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by Brice Ezell

6 Jan 2015


As it turns out, the 2014 releases Cabinet of Curiosities, a new compilation LP, and We Are Time, a reissue of a 1980 compilation, were but the first few signals that more is to come from Bristol’s legendary the Pop Group. This winter, the band will drop Citizen Zombie, its first studio LP since 1980’s For How Much Longer Will We Tolerate Mass Murder?. The Pop Group’s hiatus, which began in 1981, was broken by a series of shows that began in 2010. With Citizen Zombie, the band shows that their comeback shows were not a one-off for nostalgia’s sake. Below you can stream “Mad Truth”, the latest track to be released off the album; the first was the title cut.

by Brice Ezell

5 Jan 2015


Following an eventful 2014 highlighted by performances at key New York City venues such as The Studio at Webster Hall, Tammany Hall, and Arlene’s Grocery, the young punk outfit Swanky Tiger is starting off the new year with the release of its newest studio offering, Empires. You can stream the album below.

One line in the tune “Glamorous” sounds a little like foreshadowing for this up-and-coming band: “If it’s fame you want / come and take it now”. By the sound of this track, and indeed the LP as a whole, Swanky Tiger is poising itself to do just that.

by Brice Ezell

5 Jan 2015


Part of the trick that bands in the so-called rock revival movement in the early ‘00s faced was the balance of paying homage to the rock stylings of the ‘60s and ‘70s without being entirely beholden to them—i.e. writing covers in the guise of originals. The New York City outfit Blue & Gold can count itself as sonic kin of those rock revival groups, but fortunately it pulls off the aforementioned balance with ease. This young quartet writes the kind of rock ‘n’ roll that teenagers first discovering Led Zeppelin hope to write over a garage jam session: straight-to-the-point, catchy rock that knows its way around a good riff. Blue & Gold’s latest number, “Tommy Gun”, features solid guy/girl vocal interplay by vocalists/guitarists Alex Kapelman and Chloe Raynes.

by Brice Ezell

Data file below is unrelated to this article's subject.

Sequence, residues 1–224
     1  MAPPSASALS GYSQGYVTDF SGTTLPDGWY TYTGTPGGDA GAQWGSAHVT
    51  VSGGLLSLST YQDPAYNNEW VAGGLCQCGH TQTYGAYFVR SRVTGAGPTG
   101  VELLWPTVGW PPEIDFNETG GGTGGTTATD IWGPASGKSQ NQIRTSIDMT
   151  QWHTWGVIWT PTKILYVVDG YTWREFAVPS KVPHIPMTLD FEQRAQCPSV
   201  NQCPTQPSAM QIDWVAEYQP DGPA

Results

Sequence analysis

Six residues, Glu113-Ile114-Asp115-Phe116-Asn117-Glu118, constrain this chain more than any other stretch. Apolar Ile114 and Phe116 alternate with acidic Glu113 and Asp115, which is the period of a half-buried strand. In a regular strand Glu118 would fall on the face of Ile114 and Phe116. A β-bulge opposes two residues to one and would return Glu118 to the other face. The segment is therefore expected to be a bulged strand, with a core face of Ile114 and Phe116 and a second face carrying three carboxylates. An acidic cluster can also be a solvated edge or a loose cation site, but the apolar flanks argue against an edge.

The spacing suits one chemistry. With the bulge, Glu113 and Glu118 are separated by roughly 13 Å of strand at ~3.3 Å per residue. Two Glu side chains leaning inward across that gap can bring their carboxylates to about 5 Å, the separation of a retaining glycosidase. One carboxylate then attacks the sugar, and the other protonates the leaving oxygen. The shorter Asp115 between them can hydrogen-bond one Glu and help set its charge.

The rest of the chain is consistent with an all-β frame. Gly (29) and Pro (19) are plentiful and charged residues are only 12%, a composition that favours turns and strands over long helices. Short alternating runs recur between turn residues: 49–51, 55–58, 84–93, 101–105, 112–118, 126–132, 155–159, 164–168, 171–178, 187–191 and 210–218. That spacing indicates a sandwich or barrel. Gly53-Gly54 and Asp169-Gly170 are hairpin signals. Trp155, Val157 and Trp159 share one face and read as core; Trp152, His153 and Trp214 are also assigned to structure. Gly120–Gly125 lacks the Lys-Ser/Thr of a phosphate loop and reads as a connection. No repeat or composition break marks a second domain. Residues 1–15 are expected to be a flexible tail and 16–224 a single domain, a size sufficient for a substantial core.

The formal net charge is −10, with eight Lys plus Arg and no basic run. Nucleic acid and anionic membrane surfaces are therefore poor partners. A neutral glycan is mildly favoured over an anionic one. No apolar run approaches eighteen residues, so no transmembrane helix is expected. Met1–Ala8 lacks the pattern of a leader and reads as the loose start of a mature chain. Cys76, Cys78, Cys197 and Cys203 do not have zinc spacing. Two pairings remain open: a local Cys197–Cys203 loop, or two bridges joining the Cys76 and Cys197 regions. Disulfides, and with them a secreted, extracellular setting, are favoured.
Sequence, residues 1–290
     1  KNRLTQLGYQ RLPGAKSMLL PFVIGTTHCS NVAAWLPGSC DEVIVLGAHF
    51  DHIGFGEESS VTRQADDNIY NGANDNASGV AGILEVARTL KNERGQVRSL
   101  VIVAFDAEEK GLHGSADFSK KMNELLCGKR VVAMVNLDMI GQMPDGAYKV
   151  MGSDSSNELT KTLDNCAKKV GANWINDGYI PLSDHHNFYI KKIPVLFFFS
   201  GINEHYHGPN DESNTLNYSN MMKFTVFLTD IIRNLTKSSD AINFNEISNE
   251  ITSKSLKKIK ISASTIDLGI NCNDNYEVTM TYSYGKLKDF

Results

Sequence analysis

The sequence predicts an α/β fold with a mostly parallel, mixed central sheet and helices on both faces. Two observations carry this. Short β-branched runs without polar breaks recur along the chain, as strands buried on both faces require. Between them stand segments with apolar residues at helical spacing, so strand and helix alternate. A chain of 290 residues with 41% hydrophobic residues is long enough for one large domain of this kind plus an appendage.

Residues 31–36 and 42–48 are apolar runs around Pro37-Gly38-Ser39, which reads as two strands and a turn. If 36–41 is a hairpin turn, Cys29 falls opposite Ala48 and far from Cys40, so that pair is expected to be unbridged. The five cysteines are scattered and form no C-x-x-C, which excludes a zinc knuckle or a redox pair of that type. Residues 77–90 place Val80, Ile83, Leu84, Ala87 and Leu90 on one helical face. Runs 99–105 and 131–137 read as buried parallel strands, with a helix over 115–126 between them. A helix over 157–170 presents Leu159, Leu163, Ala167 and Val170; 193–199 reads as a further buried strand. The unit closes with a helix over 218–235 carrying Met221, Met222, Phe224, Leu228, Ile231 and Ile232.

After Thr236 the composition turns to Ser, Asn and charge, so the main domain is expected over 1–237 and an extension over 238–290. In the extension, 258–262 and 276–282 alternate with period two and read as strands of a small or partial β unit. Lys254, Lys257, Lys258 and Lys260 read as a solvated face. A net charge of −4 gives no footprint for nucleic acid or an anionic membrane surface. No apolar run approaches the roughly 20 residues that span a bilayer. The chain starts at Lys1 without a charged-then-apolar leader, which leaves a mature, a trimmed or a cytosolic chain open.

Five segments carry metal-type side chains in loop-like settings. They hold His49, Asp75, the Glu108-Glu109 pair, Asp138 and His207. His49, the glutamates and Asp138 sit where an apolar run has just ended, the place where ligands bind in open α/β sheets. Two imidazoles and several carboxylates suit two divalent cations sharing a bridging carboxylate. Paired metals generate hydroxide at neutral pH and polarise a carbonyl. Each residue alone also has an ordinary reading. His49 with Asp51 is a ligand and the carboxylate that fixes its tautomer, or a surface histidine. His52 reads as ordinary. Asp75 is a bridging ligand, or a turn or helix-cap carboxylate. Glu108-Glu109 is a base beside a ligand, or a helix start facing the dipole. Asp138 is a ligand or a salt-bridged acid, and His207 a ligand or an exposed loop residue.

30 Dec 2014


The Malian singer Kassé Mady Diabaté is famous for many reasons. One of the common talking points in relation to his music career is his collaboration with Taj Mahal and Toumani Diabate on the LP Koulandjan, which President Barack Obama cited as one of his favorite albums. However, above all else, Diabaté is notable for his contributions to the West African music scene, particularly in his native Mali. Although he sings in Bambara, the primary language in Southern Mali, his music fuses traditions from within his country, throughout his region, and indeed the whole world. Kirike, Diabaté‘s latest recording, is a continuation of the vocalist’s authentic musical exploration. The album is yet another example of why some people, including his fellow Malian Salif Keita, call him Mali’s greatest living singer.

by Brice Ezell

29 Dec 2014


Gothenburg, Sweden-based musician Adna has caught a lot of attention globally for her moody and beautiful brand of songwriting. Her music’s somewhat chilly melodies in no doubt are informed by her native Sweden, a country renowned for its melancholy musical exports. (Even the otherwise cheery ABBA went out on a gloomy note with their final LP The Visitors.) Following the momentum built up from her debut LP Night, Adna has readied her sophomore outing, Run, Lucifer, for a 2015 release. In addition to the recently released lead single “Living”, Adna has also covered the tune “Thank God for Sending Demons” by the Swedish producer Kleerup to lead in to the release of her new album.

//Mixed media
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It's Okay to Ask for Help in 'The Witness'

// Moving Pixels

"Looking up a solution isn't a sin. The only sin is not understanding that solution when you do.

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